Taiwan News, Staff Writer
2013-02-01 03:03 PM
The announcement was first made by the Presidential Office late Thursday night after increasing media speculation that Jiang was to be promoted after his management of the pension reform issue over the past few months.
Chen confirmed the basic changes at the Cabinet’s year-end news conference. He said he had offered to resign for health and family reasons. The results of a medical checkup which came out last month reportedly convinced him he had to leave office.
Chen’s eventual appointment as presidential adviser means he will not replace the highly popular Perng Fai-nan as governor of the Central Bank, as many media reports had speculated.
Jiang told reporters that President Ma Ying-jeou had invited him to a meeting last Sunday night, which sealed the new appointment. At 53, Jiang will reportedly be the youngest new premier ever.
He first gained attention as Interior Minister but his career since has made huge leaps forward. After being promoted to Vice Premier a year ago, he announced he would be applying to rejoin the ruling Kuomintang. The move was interpreted as a sign he was Ma’s favorite to run for mayor of Taipei City in 2014, despite the eventual likelihood that he might face other candidates such as Sean Lien, the son of KMT Honorary Chairman Lien Chan.
After Ma presented the pension reform package which had been drawn up under Jiang’s leadership, commentators speculated that he might become premier next, and eventually even the KMT presidential candidate in 2016. Critics interpreted Jiang’s promotion as a move by Ma to block off one of the most popular other contenders, New Taipei City Mayor Eric Liluan Chu.
As Mao is to move up to the position of vice premier, his deputy Yeh Kuang-shih will succeed him as the head of the Ministry of Transportation and Communications, reports said. Yeh has also been chairing the company running Taiwan Taoyuan International Airport.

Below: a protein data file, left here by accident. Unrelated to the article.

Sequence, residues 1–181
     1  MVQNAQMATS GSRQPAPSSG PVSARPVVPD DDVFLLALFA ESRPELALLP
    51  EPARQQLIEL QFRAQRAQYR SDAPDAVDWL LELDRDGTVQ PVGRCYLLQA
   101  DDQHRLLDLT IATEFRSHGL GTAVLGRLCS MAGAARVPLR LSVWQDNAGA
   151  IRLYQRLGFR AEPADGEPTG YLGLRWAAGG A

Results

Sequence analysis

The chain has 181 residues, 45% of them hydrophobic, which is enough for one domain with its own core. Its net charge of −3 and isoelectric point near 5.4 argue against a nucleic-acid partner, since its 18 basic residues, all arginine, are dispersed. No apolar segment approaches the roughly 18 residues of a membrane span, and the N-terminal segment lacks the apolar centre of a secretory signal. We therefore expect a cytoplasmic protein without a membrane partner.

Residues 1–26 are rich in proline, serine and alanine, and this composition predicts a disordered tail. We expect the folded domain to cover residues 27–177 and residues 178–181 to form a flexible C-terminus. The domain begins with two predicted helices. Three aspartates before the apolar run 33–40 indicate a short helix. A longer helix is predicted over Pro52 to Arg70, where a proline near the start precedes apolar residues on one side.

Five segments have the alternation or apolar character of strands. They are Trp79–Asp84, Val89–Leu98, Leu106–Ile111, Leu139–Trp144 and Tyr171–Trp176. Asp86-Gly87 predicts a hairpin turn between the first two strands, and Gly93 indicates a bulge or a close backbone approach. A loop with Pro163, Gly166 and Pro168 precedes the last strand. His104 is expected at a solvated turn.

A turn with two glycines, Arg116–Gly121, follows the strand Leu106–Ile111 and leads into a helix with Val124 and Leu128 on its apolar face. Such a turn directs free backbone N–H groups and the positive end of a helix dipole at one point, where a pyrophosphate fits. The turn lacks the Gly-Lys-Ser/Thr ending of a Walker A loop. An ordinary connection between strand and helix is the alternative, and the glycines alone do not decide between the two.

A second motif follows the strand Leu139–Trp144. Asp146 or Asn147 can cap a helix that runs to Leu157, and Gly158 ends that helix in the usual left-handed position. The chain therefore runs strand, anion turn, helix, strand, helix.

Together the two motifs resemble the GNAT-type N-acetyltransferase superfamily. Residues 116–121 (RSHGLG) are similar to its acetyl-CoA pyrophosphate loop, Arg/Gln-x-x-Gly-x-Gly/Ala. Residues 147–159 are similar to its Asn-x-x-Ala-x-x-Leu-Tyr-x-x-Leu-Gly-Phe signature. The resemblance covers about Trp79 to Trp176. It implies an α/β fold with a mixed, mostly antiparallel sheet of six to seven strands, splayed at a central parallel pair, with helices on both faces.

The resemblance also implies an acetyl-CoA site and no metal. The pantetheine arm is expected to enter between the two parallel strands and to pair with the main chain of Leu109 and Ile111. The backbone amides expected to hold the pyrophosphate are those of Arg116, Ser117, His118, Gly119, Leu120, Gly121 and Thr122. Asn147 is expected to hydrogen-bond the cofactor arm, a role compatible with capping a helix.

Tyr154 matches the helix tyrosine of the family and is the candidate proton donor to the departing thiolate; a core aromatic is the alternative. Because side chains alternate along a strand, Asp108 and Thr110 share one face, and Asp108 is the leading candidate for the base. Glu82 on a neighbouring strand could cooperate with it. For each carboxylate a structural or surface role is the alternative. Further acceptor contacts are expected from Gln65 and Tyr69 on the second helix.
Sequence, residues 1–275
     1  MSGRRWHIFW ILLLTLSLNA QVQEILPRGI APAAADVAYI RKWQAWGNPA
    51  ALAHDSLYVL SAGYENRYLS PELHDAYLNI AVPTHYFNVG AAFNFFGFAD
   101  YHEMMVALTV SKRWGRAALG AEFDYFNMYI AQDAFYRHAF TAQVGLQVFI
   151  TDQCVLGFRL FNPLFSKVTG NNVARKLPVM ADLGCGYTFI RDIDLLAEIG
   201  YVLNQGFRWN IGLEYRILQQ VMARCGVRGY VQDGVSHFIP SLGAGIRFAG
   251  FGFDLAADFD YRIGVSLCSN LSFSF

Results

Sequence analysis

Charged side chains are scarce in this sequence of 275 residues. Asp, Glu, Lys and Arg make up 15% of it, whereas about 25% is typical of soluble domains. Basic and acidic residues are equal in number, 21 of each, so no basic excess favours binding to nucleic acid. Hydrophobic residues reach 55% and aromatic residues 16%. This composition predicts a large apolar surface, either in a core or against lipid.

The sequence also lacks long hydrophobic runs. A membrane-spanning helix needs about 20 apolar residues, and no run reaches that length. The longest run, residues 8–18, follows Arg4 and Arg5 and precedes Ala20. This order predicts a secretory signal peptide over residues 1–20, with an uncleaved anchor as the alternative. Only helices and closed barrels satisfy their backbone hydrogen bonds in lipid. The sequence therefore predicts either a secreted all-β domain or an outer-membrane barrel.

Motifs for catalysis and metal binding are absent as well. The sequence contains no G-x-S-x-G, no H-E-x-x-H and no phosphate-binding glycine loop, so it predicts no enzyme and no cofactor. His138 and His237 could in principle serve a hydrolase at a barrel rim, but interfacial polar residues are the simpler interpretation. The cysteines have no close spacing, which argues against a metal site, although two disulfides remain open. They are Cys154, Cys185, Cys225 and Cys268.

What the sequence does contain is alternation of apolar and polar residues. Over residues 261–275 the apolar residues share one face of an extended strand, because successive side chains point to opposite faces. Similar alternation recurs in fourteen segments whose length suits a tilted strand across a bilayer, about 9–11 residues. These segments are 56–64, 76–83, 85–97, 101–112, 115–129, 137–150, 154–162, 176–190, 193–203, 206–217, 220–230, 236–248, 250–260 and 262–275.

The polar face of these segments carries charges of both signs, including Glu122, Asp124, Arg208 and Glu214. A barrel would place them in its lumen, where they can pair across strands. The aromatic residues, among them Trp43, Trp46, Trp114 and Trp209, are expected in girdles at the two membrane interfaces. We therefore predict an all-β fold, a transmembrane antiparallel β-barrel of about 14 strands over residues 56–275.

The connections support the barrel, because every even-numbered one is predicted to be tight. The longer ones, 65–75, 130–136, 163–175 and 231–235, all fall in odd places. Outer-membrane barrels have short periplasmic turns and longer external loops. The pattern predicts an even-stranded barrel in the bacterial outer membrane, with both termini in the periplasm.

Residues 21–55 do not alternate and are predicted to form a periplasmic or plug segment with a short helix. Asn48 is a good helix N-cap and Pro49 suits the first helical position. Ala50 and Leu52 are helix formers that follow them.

It was not known yet Friday which other portfolios were going to change hands. With Taiwan’s economy performing poorly for the past few years, Economics Minister Shih Yen-shiang and Council for Economic Planning and Development Minister Yiin Chii-ming have often been targets of demands for change, but it was not known yet Friday whether Jiang wanted them to stay on or not.
Chen only served as premier for one year since taking office on February 6, 2012, but the short period was marked by numerous controversies. The lifting of a ban on the import of beef from the United States treated with lean-meat drugs, rises in the price of oil and electricity, the introduction of a capital gains tax for stocks and the rising gap between rich and poor were just some of the incidents which caused both Ma’s and Chen’s popularity to plummet to record lows of between 13 percent and 20 percent in the opinion polls.
Ma praised Chen Friday for having guided the country through the fallout of the European debt crisis and having pushed through numerous reforms which would improve Taiwan’s position in the long term.
Chen denied he regretted taking on the premiership, but had faced the challenge with his usual attitude of “never surrender, never give up.”
Once Jiang and his new Cabinet are sworn in, they will have to face continued conflict over the government’s pension reform plans and the issue of the fourth nuclear plant. While Taiwan’s economy is expected to grow by 3.53 percent this year according to government forecasts, unemployment and the crisis facing the nation’s social security system are likely to continue, observers said.
Reaction from the opposition Democratic Progressive Party was mainly negative. Ma should explain the reasoning behind his choice of Jiang instead of announcing it in a news release in the middle of the night, party spokesman Lin Chun-hsien said.
Lin said the DPP had been calling for a Cabinet reshuffle and for Chen’s resignation for months as the economy worsened, but Ma never paid any attention, leading to the present situation where government and country had lost any sense of direction.